The centrality of 3-pointers to producing modern 50-point games also helps democratize the process, given the freedom so many stars have to launch from long range. Last season, 13 different players scored 50 in a game at least once, setting a new record, which had itself been set recently, at 10 apiece in both 2016-17 and 2017-18. The mid-2000s spike in 50-point games seemed to rely heavily on Kobe Bryant’s peak as a scorer, but this new rise is not due just to Harden’s siege of the record books, but to a whole league full of potential half-century-mark performers.

If it seems like every notable player has entertained his fans with 50 in a game recently, that presumption isn’t far off. Looking at the past five seasons of All-NBA honorees, the majority of guards and forwards have done so, and the few who haven’t tend toward the pass-first extreme, like Chris Paul (highest-scoring game of the last five seasons: 41 points), Kyle Lowry (43), and Draymond Green (31).

High-Scoring Output From All-NBA Players in the Last Five Seasons

Position With a 50-Point Game
Position With a 50-Point Game
G 77%
F 63%
C 33%

One line glares on that chart, of course, as big men generally struggle to get in on the high-scoring action. It makes sense that, say, DeAndre Jordan, a 9.5-points-per-game career scorer, wouldn’t have scored 50, but it’s more of a surprise that luminaries such as Joel Embiid and Nikola Jokic haven’t, nor have other notable bigs who haven’t made an All-NBA team, like Kristaps Porzingis.

In fact, only four active bigs have ever scored 50 in a game: Anthony Davis (three times), DeMarcus Cousins (two), LaMarcus Aldridge, and Karl-Anthony Towns. That’s a small list of big men. It also includes only All-NBA players; whereas the odd, nonstar guard like Jamal Crawford or Mo Williams can score 50, the modern nonstar center is fully unable to reach that benchmark.

Extend the threshold to 60, and the result is even more astounding. Here, in fact, is the entire list of 60-point centers since Chamberlain:

  • David Robinson against the Clippers on April 24, 1994: 71 points
  • Shaquille O’Neal against the Clippers on March 6, 2000: 61 points

That’s it—two instances in a half-century. And Robinson’s game was a bit of a sham, as it came on the last day of the season as he battled a young O’Neal for the scoring title. Robinson’s San Antonio teammates force-fed him the ball and even intentionally fouled the Clippers down the stretch, despite leading, to create more scoring opportunities for their center.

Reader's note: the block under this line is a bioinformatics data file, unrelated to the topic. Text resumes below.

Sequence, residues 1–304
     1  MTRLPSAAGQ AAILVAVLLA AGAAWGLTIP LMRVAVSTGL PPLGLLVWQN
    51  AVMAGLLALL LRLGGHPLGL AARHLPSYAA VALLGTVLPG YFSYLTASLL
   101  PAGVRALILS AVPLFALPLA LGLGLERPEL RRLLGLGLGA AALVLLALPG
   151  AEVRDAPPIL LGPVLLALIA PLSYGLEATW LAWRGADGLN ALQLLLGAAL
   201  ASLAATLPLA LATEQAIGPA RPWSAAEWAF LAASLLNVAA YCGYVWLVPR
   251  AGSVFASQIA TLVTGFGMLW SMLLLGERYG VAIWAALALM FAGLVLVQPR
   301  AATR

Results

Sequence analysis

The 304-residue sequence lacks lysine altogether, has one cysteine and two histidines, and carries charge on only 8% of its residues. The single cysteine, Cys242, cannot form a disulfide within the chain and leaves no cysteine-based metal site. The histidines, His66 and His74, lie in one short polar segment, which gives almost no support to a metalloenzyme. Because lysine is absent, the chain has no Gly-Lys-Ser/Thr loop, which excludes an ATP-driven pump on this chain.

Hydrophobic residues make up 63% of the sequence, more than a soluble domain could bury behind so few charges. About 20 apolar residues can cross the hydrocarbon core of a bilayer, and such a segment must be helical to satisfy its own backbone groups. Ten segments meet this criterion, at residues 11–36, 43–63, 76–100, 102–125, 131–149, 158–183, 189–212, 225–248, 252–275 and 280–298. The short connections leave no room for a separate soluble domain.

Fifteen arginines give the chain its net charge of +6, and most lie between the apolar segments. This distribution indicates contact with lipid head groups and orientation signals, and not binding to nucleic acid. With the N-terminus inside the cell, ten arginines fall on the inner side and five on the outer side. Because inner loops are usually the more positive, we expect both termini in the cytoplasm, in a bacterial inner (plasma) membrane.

This positional disparity reflects the sport’s broader transition to one oriented around guards. This season, 13 of 14 scoring performances above 40 points have gone to ball handlers (the 14th came from Pascal Siakam), who have a penchant for 3s and the ability to control the ball, making it nigh impossible for defenses to prevent shooting attempts.

One wonders whether the increase in 3s from “unicorns” might lead to more high-scoring games from big men. Towns, for instance, ranks fifth in 3-point makes per game this season and ninth in attempts, and he’s already scored 37, 36, and 36 points in games. The jump from mid-30s to 50 or 60 is sizable, but it’s not difficult to imagine Towns harnessing all his prodigious talents to record several large point totals this season.

As pace and 3-pointers continue to rise, more players than ever are candidates to break the 50-point barrier. Harden might generate a dozen games by himself. (The top non-Wilt totals in a single season are 10, from Bryant in 2006-07, and then nine from Harden last season.) Lillard, Irving, and Russell have already climbed that high. The likes of Giannis Antetokounmpo and Devin Booker did so last season and may well again; potential first-timers like Kawhi Leonard and Paul George could easily join them; and young upstarts like Luka Doncic and Trae Young could crash the party soon.

On any given NBA evening, the odds of watching a high-output outburst from a single player, the kind that rallies fans to a League Pass screen and sets NBA Twitter alight, is higher than ever before. We’ve come a long way from Andre Miller’s out-of-nowhere night representing the only chance for a player to reach 50 for a full year. Now we scarcely last a week without observing individual fireworks.